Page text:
March 28, 2008

Now Playing: Sun Ra

Sun Ra & His Arkestra: Some Blues But Not the Kind That’s Blue (Atavistic UMS 265)
Recorded 10/14/77
Reissue of Saturn LP 101477 (1978)
Atavistic deserves our unending gratitude for continuing to make available to us poor, stranded Earthlings more delightful batches of rare Sun Ra obscurities via John Corbett’s “Unheard Music Series.” Hot on the heels of last year’s reissue of Strange Strings and Night of the Purple Moon (both of which are essential), comes Some Blues But Not the Kind That’s Blue. Ostensibly a set of “standards” (with a couple of Ra originals thrown in), these renditions are so abstracted and downright weird that it’s clear only Sun Ra could have conceived of these hoary old chestnuts in quite this way. For example, “My Favorite Things” manages to escape an easy comparison to John Coltrane’s iconic take by relaxing the rhythm, spicing it with Latin-ish percussion, and spacing out the harmonies. “Nature Boy” unfolds as a brooding, rhapsodic vehicle for piano and woodwinds that barely hints at the overly-familiar melody. What’s amazing is that, no matter how “straight-ahead” this music might appear on the surface, it’s always still a little bit “out” – and that’s one of the interesting things about Sun Ra’s music. As weird as it sometimes gets, it’s never too far removed from the blues and jazz syntax.

Another thing that fascinates me about Sun Ra’s Saturn LPs (which were, for the most part, hand-made artifacts) is that, despite - maybe even because of - the poor sound quality, the records are deeply affecting. I find this fascinating because I consider myself, if not an audiophile (because I am not wealthy), at least someone who cares a lot about sound quality. When I encounter poor fidelity, I’m not likely to keep listening unless there is some very compelling reason. Life is too short for bad sound! But with Sun Ra, it’s different; the off-kilter soundstages often result in delightfully fortuitous sonic effects and the overall atmosphere is intensely intimate, surreptitious (almost voyeuristic) and downright magical, like capturing lightning in a bottle. (It also occurs to me that this same phenomenon occurs with Robert Pollard’s lo-fi recordings, which effectively evoke the long-lost era of “classic rock” and Beatles bootlegs, but that is another subject altogether.)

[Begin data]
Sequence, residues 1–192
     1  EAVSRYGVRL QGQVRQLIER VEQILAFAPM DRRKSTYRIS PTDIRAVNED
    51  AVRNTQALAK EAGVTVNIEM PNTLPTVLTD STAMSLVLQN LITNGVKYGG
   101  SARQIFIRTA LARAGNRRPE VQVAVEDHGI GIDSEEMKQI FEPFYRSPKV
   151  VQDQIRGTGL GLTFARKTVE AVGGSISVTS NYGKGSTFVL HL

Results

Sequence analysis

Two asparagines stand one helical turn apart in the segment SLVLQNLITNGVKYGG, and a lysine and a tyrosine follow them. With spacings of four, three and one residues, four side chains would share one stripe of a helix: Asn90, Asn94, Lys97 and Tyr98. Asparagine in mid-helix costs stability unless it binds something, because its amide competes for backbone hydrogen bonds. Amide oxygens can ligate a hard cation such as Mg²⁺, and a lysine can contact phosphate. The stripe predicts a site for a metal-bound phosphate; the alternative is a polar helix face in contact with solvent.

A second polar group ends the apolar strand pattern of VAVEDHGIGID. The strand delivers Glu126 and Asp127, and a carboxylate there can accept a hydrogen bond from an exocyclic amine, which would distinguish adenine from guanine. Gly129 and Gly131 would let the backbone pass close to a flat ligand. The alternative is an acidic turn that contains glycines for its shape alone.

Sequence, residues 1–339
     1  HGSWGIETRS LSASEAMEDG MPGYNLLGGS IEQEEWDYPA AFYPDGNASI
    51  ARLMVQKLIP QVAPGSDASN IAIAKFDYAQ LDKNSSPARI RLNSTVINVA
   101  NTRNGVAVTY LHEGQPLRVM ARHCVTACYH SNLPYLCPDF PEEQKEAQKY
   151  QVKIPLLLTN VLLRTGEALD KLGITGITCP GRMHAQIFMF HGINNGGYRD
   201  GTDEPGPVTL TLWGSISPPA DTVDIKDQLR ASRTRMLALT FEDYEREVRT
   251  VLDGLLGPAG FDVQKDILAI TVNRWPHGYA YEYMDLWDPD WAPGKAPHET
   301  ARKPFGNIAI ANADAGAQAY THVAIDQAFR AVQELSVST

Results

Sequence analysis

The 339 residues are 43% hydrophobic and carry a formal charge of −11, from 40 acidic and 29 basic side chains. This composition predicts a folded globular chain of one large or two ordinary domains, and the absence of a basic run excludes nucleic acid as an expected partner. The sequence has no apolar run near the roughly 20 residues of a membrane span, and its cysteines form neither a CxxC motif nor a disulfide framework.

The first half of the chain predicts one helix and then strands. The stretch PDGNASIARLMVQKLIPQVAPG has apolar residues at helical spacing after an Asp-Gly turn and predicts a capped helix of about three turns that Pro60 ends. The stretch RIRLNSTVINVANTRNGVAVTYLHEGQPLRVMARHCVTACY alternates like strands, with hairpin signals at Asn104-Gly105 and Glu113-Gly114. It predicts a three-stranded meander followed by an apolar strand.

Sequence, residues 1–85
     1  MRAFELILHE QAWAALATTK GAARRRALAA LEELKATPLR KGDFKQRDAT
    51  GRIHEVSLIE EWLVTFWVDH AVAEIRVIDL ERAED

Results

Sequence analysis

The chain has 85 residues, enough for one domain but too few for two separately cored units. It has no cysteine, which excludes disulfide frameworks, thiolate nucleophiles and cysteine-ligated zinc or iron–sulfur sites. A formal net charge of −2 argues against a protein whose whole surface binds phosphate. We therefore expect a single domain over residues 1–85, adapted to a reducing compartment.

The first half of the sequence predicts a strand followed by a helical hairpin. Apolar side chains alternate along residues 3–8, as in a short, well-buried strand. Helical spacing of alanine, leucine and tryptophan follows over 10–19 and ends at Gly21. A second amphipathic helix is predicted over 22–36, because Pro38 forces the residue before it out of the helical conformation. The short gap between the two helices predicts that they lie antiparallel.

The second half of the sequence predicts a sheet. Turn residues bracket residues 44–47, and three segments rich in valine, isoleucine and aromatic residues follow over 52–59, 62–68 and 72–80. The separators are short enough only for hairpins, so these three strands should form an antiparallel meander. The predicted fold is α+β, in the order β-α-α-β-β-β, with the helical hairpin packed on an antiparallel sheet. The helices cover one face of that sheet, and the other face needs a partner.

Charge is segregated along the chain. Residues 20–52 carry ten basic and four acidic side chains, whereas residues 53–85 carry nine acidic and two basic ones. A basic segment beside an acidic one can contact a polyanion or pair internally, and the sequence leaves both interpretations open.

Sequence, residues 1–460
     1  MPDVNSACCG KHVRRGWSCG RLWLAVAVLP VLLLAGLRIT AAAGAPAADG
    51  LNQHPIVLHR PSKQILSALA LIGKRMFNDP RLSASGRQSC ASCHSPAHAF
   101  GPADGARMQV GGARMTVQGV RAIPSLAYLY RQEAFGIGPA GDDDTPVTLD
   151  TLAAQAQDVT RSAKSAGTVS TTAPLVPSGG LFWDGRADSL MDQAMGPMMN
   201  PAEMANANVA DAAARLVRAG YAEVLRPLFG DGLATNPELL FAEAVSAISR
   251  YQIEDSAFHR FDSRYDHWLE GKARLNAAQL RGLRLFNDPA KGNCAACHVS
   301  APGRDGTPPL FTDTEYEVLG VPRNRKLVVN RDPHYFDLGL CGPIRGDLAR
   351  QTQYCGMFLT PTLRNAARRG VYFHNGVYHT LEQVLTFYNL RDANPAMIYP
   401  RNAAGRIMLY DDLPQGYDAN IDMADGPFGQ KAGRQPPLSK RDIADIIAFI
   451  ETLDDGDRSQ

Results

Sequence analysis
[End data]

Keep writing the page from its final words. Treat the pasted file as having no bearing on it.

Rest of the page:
It’s not that Some Blues… sounds bad; it just has that “Saturn Sound.” Like many Saturn LPs, this one was recorded in rehearsal, lending the proceedings a casual, spontaneous quality which suits these restructured standards. But, as with most all of Sun Ra’s output, this is not an ad-hoc or amateurish affair. Rather, this is serious and committed music - it was just recorded in an ad-hoc, amateurish way and, rather than repelling the listener, manages to draw you in and only adds to its considerable charm.

The bonus tracks are a nice touch, especially the untitled Ra composition recorded at the same session and the two additional takes of “I’ll Get By” recorded in 1973 provide some insight into the band’s varied approaches to this otherwise unremarkable tune. Corbett notes in the liner notes: “In the distance, the muffled remnant of a previous track appears, taped over on this home recording, the almost in-sync backwards drums providing a low-key element of surreality.” Perfect - just the kind of lucky accident that is so pervasive in Sun Ra’s extensive discography.

Wonderful stuff.

--rgc

1 comment:

Sam said...

Excellent take on an excellent album, Rodger! In its relatively small ensemble setting and its featuring John Gilmore heavily on almost every track, "Some Blues" is a harbinger of the classic Horo sessions. And like those sessions, Gilmore is brilliant on every track. It's also wonderful to hear the trumpet playing of Akh Tal Ebah in a more relaxed setting than usual. The killer double trumpet pairing of Ebah and Kwame Hadi has always been my favorite of all the trumpet personnel that went through the Arkestra (a strong lineup that includes Walter Miller, Chris Capers, Hobart Dotson, and Ahmed Abdullah).